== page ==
Two-dimensional gel electrophoresis and liquid chromatography-tandem mass spectrometry were performed to investigate the influence of human nonmetastatic clone 23 type 1 (nm23-H1), a metastasis-associated gene on proteomic alterations in cancer cells of the uterine cervix. It was validated by RT-PCR and Western blot analysis. The expression of voltage-dependent anion channel 1 (VDAC1) was increased in nm23-H1 gene silenced SiHa or CaSki cervical cancer cells. The clinical implication was shown that cervical cancer tissues with positive VDAC1 immunoreactivity exhibited deep stromal invasion (>10 mm in depth) and large tumor size (> 4 cm in diameter). Cervical cancer patients with positive VDAC1 immunoreactivity displayed higher recurrence and poorer overall survival than those with negative VDAC1. Silencing of VDAC1 reduced cell proliferation and migratory ability. Mitochondrial membrane potential was decreased and reactive oxygen species generation was increased in the VDAC1 gene-silenced cervical cancer cells. Cell cycle progression and autophagy were not changed in VDAC1 silencing cells. The cytotoxicity of cisplatin was significantly enhanced by knockdown of cellular VDAC1 and the compounds that interfere with hexokinase binding to VDAC. Therapeutic strategies may be offered using VDAC1 as a target to reduce cell growth and migration, enhance the synergistic therapeutic efficacy of cisplatin and reduce cisplatin dose-limiting toxicity. PMID:26716410

  17. The voltage-dependent K+ channels Kv1.3 and Kv1.5 in human cancer

    PubMed Central

    Comes, Núria; Bielanska, Joanna; Vallejo-Gracia, Albert; Serrano-Albarrás, Antonio; Marruecos, Laura; Gómez, Diana; Soler, Concepció; Condom, Enric; Ramón y Cajal, Santiago; Hernández-Losa, Javier; Ferreres, Joan C.; Felipe, Antonio

    2013-01-01

    Voltage-dependent K+ channels (Kv) are involved in a number of physiological processes, including immunomodulation, cell volume regulation, apoptosis as well as differentiation. Some Kv channels participate in the proliferation and migration of normal and tumor cells, contributing to metastasis. Altered expression of Kv1.3 and Kv1.5 channels has been found in several types of tumors and cancer cells. In general, while the expression of Kv1.3 apparently exhibits no clear pattern, Kv1.5 is induced in many of the analyzed metastatic tissues. Interestingly, evidence indicates that Kv1.5 channel shows inversed correlation with malignancy in some gliomas and non-Hodgkin's lymphomas. However, Kv1.3 and Kv1.5 are similarly remodeled in some cancers. For instance, expression of Kv1.3 and Kv1.5 correlates with a certain grade of tumorigenicity in muscle sarcomas. Differential remodeling of Kv1.3 and Kv1.5 expression in human cancers may indicate their role in tumor growth and their importance as potential tumor markers. However, despite of this increasing body of information, which considers Kv1.3 and Kv1.5 as emerging tumoral markers, further research must be performed to reach any conclusion. In this review, we summarize what it has been lately documented about Kv1.3 and Kv1.5 channels in human cancer. PMID:24133455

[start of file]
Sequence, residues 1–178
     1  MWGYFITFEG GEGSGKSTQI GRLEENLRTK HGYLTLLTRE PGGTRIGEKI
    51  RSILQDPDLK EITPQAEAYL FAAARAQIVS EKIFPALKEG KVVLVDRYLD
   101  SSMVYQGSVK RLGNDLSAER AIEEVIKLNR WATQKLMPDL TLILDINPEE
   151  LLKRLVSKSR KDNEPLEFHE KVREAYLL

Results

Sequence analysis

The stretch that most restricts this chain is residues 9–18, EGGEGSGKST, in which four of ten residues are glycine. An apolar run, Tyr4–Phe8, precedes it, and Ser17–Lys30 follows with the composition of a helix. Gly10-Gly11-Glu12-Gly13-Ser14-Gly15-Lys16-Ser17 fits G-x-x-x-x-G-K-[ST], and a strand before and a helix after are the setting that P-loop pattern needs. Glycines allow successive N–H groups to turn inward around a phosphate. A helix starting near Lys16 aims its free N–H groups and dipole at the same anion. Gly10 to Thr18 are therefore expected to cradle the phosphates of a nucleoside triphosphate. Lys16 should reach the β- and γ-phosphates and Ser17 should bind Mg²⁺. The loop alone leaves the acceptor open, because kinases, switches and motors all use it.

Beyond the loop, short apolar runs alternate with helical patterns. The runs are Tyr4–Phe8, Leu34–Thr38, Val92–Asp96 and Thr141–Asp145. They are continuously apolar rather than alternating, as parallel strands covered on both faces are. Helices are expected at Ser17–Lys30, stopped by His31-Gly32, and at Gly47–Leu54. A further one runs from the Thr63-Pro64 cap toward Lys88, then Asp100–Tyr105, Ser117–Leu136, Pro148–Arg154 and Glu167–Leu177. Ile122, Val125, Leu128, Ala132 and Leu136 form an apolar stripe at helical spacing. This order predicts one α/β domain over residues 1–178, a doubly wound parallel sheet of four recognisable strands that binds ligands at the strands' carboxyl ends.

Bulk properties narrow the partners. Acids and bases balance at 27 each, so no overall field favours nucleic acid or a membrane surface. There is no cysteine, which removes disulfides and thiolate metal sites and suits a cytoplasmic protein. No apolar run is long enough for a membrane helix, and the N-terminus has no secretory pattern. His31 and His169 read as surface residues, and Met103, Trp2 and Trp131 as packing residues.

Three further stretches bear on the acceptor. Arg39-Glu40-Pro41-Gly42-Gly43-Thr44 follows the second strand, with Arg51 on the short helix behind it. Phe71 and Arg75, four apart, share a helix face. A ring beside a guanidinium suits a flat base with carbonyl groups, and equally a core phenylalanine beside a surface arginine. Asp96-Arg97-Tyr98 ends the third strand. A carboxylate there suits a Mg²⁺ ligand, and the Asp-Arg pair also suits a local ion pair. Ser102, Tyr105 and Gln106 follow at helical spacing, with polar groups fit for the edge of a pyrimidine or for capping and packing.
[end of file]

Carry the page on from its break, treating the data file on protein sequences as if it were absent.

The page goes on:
18. Voltage-dependent anion channel 2 modulates resting Ca²+ sparks, but not action potential-induced Ca²+ signaling in cardiac myocytes.

    PubMed

    Subedi, Krishna Prasad; Kim, Joon-Chul; Kang, Moonkyung; Son, Min-Jeong; Kim, Yeon-Soo; Woo, Sun-Hee

    2011-02-01

    Voltage-dependent anion channels (VDACs) are pore forming proteins predominantly found in the outer mitochondrial membrane and are thought to transport Ca(2+). In this study, we have investigated the possible role of type 2 VDAC (VDAC2) in cardiac Ca(2+) signaling and Ca(2+) sparks using a lentiviral knock-down (KD) technique and two-dimensional confocal Ca(2+) imaging in immortalized autorhythmic adult atrial cells, HL-1. We confirmed high expression of VDAC2 protein in ventricular, atrial, and HL-1 cells using Western blot analysis. Infection of HL-1 cells with VDAC2-targeting lentivirus reduced the level of VDAC2 protein to ∼10%. Comparisons of autorhythmic Ca(2+) transients between wild-type (WT) and VDAC2 KD cells showed no significant change in the magnitude, decay, and beating rate of the Ca(2+) transients. Caffeine (10mM)-induced Ca(2+) release, which indicates sarcoplasmic reticulum (SR) Ca(2+) content, was not altered by VDAC2 KD. Interestingly, however, the intensity, width, and duration of the individual Ca(2+) sparks were significantly increased by VDAC2 KD in resting conditions, with no change in the frequency of sparks. VDAC2 KD significantly delayed mitochondrial Ca(2+) uptake during artificial Ca(2+) pulses in permeabilized HL-1 cells. These results suggest that VDAC2 may facilitate mitochondrial Ca(2+) uptake and restrict Ca(2+) spark expansion without regulating activations of sparks under resting conditions, thereby providing evidence on the functional role of VDAC2 in cardiac local Ca(2+) signaling.